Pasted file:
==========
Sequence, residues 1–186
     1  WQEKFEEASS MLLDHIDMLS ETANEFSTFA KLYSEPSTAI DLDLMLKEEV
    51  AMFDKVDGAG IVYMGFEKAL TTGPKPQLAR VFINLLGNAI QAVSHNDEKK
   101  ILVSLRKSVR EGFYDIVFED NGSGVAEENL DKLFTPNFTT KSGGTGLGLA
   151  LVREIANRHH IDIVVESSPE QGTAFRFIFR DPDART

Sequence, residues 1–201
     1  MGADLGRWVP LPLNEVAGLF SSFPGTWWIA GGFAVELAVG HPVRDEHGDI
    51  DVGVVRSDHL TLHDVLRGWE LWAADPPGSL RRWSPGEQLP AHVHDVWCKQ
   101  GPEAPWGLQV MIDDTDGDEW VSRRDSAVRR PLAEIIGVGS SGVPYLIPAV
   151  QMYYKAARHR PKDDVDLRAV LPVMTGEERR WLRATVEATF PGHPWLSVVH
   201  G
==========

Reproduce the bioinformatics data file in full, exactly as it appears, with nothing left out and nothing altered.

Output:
Sequence, residues 1–186
     1  WQEKFEEASS MLLDHIDMLS ETANEFSTFA KLYSEPSTAI DLDLMLKEEV
    51  AMFDKVDGAG IVYMGFEKAL TTGPKPQLAR VFINLLGNAI QAVSHNDEKK
   101  ILVSLRKSVR EGFYDIVFED NGSGVAEENL DKLFTPNFTT KSGGTGLGLA
   151  LVREIANRHH IDIVVESSPE QGTAFRFIFR DPDART

Sequence, residues 1–201
     1  MGADLGRWVP LPLNEVAGLF SSFPGTWWIA GGFAVELAVG HPVRDEHGDI
    51  DVGVVRSDHL TLHDVLRGWE LWAADPPGSL RRWSPGEQLP AHVHDVWCKQ
   101  GPEAPWGLQV MIDDTDGDEW VSRRDSAVRR PLAEIIGVGS SGVPYLIPAV
   151  QMYYKAARHR PKDDVDLRAV LPVMTGEERR WLRATVEATF PGHPWLSVVH
   201  G